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    Fish remains imperil pelicans, experts say

    Environmentalists at the Suncoast Seabird Sanctuary say they rescue about six birds a month with fish remains lodged in their throats.


    © St. Petersburg Times, published May 13, 2001

    CLEARWATER -- The fleet of chartered fishing boats that spend hours yanking cobia, grouper and amberjack from the Gulf of Mexico usually returns to Clearwater Marina with company waiting.

    By the time the boats are tied off and the fish are dragged out of coolers for cleaning, flocks of pelicans have taken their position.

    Some huddle together in the water next to boats while others perch atop poles and railings waiting for their share.

    But some environmentalists are concerned that anglers are pitching fish parts containing bones to the endangered birds, causing them to choke and sometimes die.

    "Fish bones have always been a big problem -- more so in the winter time than the summer -- because that is when the pelicans are usually more hungry and the supply in fish bait is scarce," said Ralph Heath, founder and director of the Suncoast Seabird Sanctuary. "That's when they hang out on the fishing piers and boat docks and beg for fish."

    During any given month, sanctuary volunteers rescue up to six pelicans that have fish remains lodged in their throats. But for the commercial fishermen who run fishing tours out of Clearwater Marina, the threat of choking pelicans isn't much of a problem.

    "These birds have been eating scraps here for years," said John Cole, captain of the Lucky Day fishing charter. "Though I've heard that some of the fish they eat can hurt them, I haven't seen it."

    Tom Stacey, a deck hand on the Flo-Jo and Fanta-Sea charter boats, said he and his crew filet their catches and then throw the remaining carcasses in the trash. They do not feed the birds.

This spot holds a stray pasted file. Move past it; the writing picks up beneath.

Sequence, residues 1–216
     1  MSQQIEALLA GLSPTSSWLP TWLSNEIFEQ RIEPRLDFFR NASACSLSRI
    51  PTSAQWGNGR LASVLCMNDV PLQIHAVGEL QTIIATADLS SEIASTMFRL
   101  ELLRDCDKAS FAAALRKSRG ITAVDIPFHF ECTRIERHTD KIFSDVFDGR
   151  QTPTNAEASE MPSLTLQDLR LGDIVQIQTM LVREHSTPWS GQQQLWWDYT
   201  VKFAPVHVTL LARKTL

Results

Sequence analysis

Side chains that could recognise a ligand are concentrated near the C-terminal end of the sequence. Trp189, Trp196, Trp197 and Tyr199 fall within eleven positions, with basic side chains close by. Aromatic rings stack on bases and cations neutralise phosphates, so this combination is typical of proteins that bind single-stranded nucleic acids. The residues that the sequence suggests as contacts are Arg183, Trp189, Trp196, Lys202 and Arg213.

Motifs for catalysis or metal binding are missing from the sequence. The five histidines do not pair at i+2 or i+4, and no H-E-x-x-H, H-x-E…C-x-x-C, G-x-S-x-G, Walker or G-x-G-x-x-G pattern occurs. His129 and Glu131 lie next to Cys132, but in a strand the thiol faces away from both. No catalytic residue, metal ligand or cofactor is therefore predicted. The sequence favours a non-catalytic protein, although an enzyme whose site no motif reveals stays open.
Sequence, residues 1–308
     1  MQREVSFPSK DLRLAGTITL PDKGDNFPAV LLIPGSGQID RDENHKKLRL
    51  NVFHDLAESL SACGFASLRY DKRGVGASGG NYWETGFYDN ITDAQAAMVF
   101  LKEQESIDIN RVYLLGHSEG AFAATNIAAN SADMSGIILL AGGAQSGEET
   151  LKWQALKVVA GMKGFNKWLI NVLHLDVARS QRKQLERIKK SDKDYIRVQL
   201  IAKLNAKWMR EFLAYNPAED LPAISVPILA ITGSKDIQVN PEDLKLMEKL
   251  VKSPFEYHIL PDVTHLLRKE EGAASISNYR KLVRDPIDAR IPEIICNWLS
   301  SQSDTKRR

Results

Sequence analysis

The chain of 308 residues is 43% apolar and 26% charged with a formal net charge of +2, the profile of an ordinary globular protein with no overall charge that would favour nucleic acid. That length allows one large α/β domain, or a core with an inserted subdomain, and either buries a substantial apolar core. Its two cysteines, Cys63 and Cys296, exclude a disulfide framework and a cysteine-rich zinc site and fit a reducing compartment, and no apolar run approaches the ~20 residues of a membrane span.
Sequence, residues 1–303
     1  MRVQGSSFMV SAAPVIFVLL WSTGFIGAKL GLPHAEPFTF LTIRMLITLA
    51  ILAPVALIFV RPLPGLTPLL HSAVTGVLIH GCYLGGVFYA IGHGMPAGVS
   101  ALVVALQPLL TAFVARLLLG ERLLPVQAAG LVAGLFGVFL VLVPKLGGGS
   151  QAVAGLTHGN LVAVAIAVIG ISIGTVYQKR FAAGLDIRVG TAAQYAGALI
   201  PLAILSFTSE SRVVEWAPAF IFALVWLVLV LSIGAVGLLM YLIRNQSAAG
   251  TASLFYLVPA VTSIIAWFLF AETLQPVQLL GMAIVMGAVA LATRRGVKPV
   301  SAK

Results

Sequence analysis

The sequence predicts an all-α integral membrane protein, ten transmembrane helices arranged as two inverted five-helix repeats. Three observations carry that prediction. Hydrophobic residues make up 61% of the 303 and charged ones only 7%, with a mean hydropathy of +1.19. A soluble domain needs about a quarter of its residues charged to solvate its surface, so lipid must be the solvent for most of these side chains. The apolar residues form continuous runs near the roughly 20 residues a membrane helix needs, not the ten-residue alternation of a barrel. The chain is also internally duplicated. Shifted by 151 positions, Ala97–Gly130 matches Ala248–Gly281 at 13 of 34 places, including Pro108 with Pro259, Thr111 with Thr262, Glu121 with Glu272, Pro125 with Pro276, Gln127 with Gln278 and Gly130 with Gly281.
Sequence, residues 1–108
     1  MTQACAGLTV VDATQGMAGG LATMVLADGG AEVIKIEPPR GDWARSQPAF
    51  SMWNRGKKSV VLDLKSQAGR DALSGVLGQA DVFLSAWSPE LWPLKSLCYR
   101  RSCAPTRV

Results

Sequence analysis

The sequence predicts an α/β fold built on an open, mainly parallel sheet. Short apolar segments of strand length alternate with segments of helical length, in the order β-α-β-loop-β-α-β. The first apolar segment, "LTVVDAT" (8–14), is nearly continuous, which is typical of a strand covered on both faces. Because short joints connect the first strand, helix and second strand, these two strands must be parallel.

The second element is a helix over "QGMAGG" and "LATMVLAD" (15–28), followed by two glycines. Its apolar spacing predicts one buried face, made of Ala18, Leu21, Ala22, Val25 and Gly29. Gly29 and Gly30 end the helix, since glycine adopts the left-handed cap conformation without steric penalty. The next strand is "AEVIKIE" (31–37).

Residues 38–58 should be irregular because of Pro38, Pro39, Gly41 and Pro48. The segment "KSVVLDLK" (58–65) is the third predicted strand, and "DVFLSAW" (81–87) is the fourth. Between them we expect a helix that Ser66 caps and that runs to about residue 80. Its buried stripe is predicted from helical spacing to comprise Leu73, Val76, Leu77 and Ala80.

"Every once in a while (a pelican) will sneak off with one," he said. "But there's not much we can do about that."

    Over the years, city marine specialists have warned anglers about the hazards of feeding the birds scraps.

    In April, Bill Morris, director of the city's Marine and Aviation Department, circulated a memo to marina tenants, reminding them that anyone caught harming the pelicans, which are protected by federal law, could be reported to the state.

    "It's not our intent to use the regulation to beat people over the head with it," Morris said. "But we take great lengths to mitigate the problems we could have."

    The memo suggests that anglers bag the skeletal remains and allow the birds to eat only the fish skins. But some captains say the real problem isn't bones, but with pelicans getting caught in the ropes fishermen use to hang their fish.

    The birds will sometimes see what they think is a free meal and try gobbling the fish, rope and all.

    "We're always chasing down pelicans and taking stuff out of their mouth," Stacey said.

    Meanwhile, environmentalists offer another solution: install PVC pipes at fish cleaning stations that run into the water. That way, fishermen could sink the remains to the bottom of the marina.

    But Morris and others are cautious of the idea.

    "I'm not so sure that would work," Cole said. "It seems like something that could get clogged up and you would have to be fidgeting with it all the time."

    Because the water is only 1 1/2 feet deep at high tide, the fish remains would not sink very far, which would provide easy access for the birds, Morris said.

    "In the future it would be a great option," he said. "But because we have to dredge the slips we'd make the problem worse if we put these PVC pipes in now."

    It would likely be six months to a year before the marina is dredged, Morris said.

    But in the meantime, the best advice Heath says he can give is this:

    "Don't give the birds huge grouper and snapper carcasses that they can't digest," he said. "I hate to see anything go to waste, but just don't let it become a choking situation."

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